"I have come into the world as light, so that whoever believes in me may not remain in darkness."
The world in this sense is under judgement – but it is also the object of God's love. Famously John 3.16 says:
"For God so loved the world, that he gave his only Son …"
Before going to his death, Jesus said (this is John 12.31):
"Now is the judgement of this world; now will the ruler of this world [that's Satan] be cast out."
And Jesus went to that cross to deal with the sin of all of us who belonged to the world, and to call us to turn and put our trust in him. So just at the top of this chapter, in 2.2, John says:
"[Jesus] is the propitiation [the atoning sacrifice] for our sins, and not for ours only but also for the sins of the whole world."
What, then, is the world? It is humanity in rebellion against God, under the influence of Satan, in spiritual darkness, and therefore needing to be redeemed by the blood of Jesus and reconciled to God the Father through him.
And what is our relationship to this world as disciples of Jesus, if that is what we are? We live our lives in tension this side of heaven. We are in this world but not of it. That's part of the tension we live – and that's bad enough, but it cuts even closer to the bone because this tension runs right through us. There is a war in each one of us between our spirit, lived in by God's Spirit, and our sinful nature – what the Bible calls our flesh – which is no longer who we really are, but which struggles against the Spirit's leading, and which still belongs to the world in rebellion against God. So this goes right to the heart of who we are between now and the day Jesus returns to transform us once for all into his likeness.
Next question. So:
Secondly, What In the World Is Attractive To Us?
Because that's the problem with this godless world. It appeals to our godless side. How? Take a look at verse 16 – this time the whole of it:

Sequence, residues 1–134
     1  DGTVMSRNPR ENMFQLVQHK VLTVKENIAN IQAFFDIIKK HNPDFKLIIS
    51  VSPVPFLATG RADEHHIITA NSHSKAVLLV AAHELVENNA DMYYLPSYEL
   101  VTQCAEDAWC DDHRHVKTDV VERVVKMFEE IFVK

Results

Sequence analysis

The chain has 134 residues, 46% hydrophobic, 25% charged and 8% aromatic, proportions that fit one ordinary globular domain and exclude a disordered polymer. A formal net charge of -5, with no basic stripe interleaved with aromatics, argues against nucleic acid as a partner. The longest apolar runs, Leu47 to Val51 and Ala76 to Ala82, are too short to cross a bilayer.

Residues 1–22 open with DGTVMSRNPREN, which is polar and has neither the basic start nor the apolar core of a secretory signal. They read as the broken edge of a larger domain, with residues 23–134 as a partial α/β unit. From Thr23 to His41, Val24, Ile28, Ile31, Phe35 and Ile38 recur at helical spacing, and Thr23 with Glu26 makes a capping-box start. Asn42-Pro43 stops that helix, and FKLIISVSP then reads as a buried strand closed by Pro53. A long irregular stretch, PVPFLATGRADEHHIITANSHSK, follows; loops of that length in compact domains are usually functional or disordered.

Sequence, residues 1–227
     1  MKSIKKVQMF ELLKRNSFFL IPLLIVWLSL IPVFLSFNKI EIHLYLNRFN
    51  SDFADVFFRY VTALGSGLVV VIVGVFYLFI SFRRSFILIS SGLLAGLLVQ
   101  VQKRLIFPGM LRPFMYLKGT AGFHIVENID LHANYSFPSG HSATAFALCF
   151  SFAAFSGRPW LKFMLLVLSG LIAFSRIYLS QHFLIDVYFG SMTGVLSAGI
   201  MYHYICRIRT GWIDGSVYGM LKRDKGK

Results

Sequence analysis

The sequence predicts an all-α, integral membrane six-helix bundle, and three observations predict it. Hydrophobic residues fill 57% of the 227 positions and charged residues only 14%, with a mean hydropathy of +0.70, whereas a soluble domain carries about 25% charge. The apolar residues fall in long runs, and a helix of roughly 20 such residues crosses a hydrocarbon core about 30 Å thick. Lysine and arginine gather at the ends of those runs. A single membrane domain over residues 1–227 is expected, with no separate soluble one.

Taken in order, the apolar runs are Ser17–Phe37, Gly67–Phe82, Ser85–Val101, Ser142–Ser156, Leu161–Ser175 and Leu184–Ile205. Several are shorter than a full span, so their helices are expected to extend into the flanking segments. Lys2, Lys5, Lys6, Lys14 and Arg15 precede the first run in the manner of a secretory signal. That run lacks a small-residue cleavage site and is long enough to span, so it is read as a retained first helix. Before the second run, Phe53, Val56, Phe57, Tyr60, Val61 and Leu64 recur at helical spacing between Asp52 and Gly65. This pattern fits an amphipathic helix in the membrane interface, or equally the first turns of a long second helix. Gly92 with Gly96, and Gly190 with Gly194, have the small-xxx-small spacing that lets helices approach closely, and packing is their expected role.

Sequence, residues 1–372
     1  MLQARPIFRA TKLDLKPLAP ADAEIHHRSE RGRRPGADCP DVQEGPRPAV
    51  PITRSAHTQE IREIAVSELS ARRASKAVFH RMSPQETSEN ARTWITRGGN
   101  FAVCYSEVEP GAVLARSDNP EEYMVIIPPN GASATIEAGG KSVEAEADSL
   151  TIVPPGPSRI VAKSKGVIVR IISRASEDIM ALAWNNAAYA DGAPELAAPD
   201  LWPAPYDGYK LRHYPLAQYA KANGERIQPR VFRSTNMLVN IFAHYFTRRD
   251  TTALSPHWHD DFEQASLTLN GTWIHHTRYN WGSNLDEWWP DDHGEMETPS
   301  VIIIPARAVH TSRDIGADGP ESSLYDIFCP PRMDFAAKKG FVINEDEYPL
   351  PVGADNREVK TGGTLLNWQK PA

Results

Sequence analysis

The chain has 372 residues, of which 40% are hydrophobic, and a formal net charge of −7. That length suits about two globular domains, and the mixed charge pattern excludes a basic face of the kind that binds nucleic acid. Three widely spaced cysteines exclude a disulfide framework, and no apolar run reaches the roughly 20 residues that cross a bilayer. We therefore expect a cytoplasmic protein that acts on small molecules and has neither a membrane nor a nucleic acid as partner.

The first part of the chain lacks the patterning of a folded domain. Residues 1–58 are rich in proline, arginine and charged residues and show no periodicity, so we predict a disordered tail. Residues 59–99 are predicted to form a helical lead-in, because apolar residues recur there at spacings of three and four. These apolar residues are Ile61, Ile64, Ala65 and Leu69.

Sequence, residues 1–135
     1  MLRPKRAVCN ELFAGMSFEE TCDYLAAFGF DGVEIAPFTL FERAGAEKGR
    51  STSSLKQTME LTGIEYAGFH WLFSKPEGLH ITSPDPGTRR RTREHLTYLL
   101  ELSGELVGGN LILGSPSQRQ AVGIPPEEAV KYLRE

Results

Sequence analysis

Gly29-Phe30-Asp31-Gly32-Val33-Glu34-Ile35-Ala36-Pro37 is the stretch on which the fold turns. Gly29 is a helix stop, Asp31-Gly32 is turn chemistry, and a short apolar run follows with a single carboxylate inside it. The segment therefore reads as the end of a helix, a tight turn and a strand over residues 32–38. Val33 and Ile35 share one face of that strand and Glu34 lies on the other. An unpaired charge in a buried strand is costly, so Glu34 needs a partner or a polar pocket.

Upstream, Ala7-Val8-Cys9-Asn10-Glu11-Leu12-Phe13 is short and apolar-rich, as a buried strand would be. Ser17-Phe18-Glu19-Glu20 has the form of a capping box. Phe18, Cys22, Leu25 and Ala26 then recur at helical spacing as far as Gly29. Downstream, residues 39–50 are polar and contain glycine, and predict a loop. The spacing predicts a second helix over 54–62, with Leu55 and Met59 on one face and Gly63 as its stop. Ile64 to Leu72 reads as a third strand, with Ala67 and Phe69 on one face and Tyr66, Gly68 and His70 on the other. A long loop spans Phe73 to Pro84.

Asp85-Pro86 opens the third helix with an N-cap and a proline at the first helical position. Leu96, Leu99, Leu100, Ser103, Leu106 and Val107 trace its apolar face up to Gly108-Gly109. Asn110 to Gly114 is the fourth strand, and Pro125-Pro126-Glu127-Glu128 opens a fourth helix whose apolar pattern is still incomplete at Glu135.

"For all that is in the world – the desires of the flesh and the desires of the eyes and the pride of life – is not from the Father but is from the world."
To start with, the world itself has a pull on us, because of the lure of rebellion and the seductive nature of evil. The spirit in us, enlivened by the Holy Spirit who lives within the believer, resists it fiercely. But the flesh, the sinful nature in us, feels the pull. Before Jesus takes hold of our lives and turns us around, we are rebels at heart. The reason that the temptations of Satan are tempting is that they have a powerful pull on our sinful natures. But John here digs below the surface of that lure and seduction, and he identifies three different aspects of it.
First, there are "the desires of the flesh". The flesh – our sinful nature – is self-centred, wants to be independent of God, and wants to go its own way for its own gain. Almost anything in the good creation that God made can become a source of distorted and sinful desire and craving, even though it's good in itself if it's in its proper place and used appropriately. We're very good at spoiling God's blessings.
Secondly, there are "the desires of the eyes" – the same kind of sinful desire – but this time deriving from what we see with our eyes. It's the greed aroused by what we see. We tend to associate the desires of the eyes with lustful, sinful sexual desire, and of course that's an important and dangerous part of it. There's what we see on TV, film, the internet. There's the cesspit of pornography. Less obviously, there's the second, illicit lustful look at people. But this lust of the eyes goes way beyond sexual lust. We can lust over holiday destinations, houses we'd like, clothes we want to own, gadgets we'd like in our pockets. The other day I got a text telling me that I should really upgrade my phone to the latest model, and they'd give me a discount. More expensive than what I've got, of course. The thoughts immediately rise in the mind: "I could do with that. Maybe I will." Thankfully I caught myself on this occasion, and realised that the phone I've got already does more than I need. But the assault of the world through our eyes is relentless. Jesus warns us in forceful language (this is Matthew 5.29):
"If your right eye causes you to sin, tear it out and throw it away. For it is better that you lose one of your members than that your whole body go into hell."
Third, (and back to verse 16) there is "the pride of life" – boasting of what we have and what we do. This is glorying in stuff and glorying in ourselves rather than glorying in God. It is exaggerating what we have and do in order to impress other people. Or there's an inverted version of the same thing, which is envy and jealousy of what other people have and do. Either way we are building our worth on precisely the wrong things.
The desires of the flesh; the desires of the eyes; the pride of life. There is a sequence there. As someone put it: